One remaining challenge of surface vessel based positioning is the ability to accurately track the laydown position of the cable when it is landing far behind the vessel – such is the case when deploying at high speed in shallow water. To overcome this, an Autonomous Surface Vehicle (ASV) equipped with the same Ranger 2 GyroUSBL system will, in future, be able to track the touchdown point during deployment, resulting in reduced operational time whilst improving cable position accuracy.
In deeper water or when surveying in close proximity to subsea infrastructure, several seismic nodes are lowered to the seabed at a time, where ROVs are then used to deploy them in their final position. In contrast to cables, these nodes are not positioned directly but instead by tracking the ROV position as it uses its manipulator to plant the node on the seabed. Position accuracy is still vitally important but with hundreds of seismic nodes in a typical array and each having a finite battery life before recharging is required, speed of deployment is also critical.
In this case, the Sonardyne Ranger 2 GyroUSBL system installed on the surface vessel is coupled with SPRINT technology on the ROV along with external inputs from Doppler Velocity Logs (DVL), depth and sound speed sensors. When used in combination, this system provides extremely high accuracy position information with low noise and a fast update rate, allowing the ROV to deploy nodes quickly and accurately, ready for surveying.
Reservoir Surveillance settlement monitoring
Another reservoir surveillance tool quite separate from seismic acquisition is settlement monitoring. Years of oil extraction without appropriate and effective recovery mechanisms can cause the pore pressure of the oil bearing rock to decrease, often reducing its ability to support the layer of rock above it (known as the overburden). The result is that the overburden layer can sink, causing a small but detectable settlement of the seabed by a few centimetres per year. Examples of this are the chalk fields in the Norwegian and Danish sectors of the North Sea where sea floor foundering as a result of high production rates has required costly retrofitting and remediation of seabed tethered production facilities.
Sonardyne’s settlement monitoring technology consists of large arrays of Autonomous Monitoring Transponders (AMTs) and Fetch longlife sensor logging nodes deployed on the seabed for several years. They take highly accurate pressure (depth) and acoustic range measurements at pre-determined intervals. These measurements are repeatedly collected over a set time period (up to several years) and the results uploaded acoustically to a passing surface vessel or ASV/USV and forwarded to geophysicists for analysis.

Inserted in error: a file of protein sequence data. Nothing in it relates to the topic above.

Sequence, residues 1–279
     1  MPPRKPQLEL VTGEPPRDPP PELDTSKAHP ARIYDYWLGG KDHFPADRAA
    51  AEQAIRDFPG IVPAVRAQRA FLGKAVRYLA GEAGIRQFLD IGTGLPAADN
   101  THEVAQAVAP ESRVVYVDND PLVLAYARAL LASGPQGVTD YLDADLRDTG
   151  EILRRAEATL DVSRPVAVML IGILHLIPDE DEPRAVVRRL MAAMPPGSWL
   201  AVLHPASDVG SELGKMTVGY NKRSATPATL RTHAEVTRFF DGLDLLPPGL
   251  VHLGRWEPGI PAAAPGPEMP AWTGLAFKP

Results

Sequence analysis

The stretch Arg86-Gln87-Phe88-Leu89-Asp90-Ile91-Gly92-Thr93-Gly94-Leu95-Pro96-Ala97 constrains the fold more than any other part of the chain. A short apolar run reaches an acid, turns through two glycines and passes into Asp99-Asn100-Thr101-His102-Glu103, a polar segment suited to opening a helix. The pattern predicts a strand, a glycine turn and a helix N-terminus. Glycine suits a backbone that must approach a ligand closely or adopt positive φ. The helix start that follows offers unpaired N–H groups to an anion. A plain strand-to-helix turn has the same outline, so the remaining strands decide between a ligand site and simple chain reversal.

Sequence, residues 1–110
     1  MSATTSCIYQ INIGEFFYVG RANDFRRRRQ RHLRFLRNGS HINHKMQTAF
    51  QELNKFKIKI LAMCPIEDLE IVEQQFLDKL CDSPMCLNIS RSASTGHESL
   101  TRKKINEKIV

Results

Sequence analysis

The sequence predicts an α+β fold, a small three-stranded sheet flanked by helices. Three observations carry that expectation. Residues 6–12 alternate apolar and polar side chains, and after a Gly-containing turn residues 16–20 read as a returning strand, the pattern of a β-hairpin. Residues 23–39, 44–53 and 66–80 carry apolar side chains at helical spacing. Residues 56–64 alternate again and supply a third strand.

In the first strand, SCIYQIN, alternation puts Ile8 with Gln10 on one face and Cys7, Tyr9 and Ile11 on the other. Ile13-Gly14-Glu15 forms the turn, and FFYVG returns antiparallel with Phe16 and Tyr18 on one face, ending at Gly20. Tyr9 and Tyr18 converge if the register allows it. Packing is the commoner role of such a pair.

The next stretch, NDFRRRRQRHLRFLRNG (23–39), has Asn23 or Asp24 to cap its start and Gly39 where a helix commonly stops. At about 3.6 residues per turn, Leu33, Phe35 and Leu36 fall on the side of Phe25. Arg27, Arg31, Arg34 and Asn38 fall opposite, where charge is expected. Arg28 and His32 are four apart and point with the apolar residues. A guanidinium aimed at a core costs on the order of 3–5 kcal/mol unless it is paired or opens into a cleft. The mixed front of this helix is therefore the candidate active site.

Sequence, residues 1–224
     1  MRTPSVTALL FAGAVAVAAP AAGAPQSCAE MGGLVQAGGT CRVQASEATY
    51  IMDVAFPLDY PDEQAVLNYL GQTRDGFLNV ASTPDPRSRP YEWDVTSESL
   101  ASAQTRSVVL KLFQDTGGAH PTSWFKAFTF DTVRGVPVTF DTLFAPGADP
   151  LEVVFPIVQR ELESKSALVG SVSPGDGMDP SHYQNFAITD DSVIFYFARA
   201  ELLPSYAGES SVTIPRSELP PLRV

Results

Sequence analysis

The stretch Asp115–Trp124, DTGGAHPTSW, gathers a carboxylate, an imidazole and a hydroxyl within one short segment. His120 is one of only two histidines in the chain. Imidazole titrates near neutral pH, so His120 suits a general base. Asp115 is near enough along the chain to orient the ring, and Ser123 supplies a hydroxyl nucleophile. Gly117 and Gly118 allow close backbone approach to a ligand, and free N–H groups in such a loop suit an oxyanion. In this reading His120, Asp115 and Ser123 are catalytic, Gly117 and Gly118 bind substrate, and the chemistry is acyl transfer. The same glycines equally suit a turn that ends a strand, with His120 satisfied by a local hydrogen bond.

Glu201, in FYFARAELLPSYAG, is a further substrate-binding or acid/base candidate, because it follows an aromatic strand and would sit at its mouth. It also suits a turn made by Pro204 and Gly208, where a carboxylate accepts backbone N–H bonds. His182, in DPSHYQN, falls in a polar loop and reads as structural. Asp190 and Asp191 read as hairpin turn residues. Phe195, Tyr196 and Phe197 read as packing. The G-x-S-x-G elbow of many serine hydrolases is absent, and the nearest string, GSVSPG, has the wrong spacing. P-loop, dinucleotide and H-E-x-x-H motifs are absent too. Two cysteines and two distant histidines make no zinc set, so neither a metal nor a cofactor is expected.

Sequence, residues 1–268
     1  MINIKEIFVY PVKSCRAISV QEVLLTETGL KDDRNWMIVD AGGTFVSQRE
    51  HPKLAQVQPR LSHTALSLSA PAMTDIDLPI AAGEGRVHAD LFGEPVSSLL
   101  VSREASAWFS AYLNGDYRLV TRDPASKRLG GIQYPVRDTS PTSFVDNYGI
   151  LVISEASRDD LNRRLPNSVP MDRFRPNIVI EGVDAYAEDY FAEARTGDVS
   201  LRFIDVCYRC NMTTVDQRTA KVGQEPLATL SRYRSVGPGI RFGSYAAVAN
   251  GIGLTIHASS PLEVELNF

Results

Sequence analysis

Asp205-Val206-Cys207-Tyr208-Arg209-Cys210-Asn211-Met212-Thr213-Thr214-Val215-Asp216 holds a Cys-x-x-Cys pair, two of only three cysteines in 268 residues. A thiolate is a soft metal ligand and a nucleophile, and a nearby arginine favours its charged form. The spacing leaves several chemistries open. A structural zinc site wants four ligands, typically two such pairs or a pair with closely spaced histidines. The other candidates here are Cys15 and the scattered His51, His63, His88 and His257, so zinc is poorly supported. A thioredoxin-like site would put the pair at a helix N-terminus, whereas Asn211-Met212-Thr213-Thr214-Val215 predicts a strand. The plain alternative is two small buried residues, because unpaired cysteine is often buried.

One such system was deployed in 2011 at Shell’s Ormen Lange field in the North Sea. The array consists of over 200 AMTs spread over a wide area where every few hours, each transponder wakes up and takes pressure measurements and acoustic ranges between other transponders in the array before going back to sleep. To date, this array has made over 250 million observations resulting in over half a Gigabyte of sensor data uploaded to either a conventional surface vessel of opportunity or unmanned surface vehicle for onward transmission to Shell analysts for processing. With this system it is possible to detect movement in offshore fields of just a few centimetres per year or better, providing highly insightful surveillance data about the status of the underlying reservoir.
The way forward
It is generally accepted that geophysicists will spend more of their time interpreting reservoir surveillance data as oil and gas companies strive to maximise recovery from producing fields to offset poorer than expected exploration successes.
Increasing the quality and amount of this information is a never ending quest for offshore exploration and production companies. Sonardyne is constantly striving to improve its product portfolio to help with this seismic shift in reservoir surveillance and stay at the forefront of this critical area of subsea technology.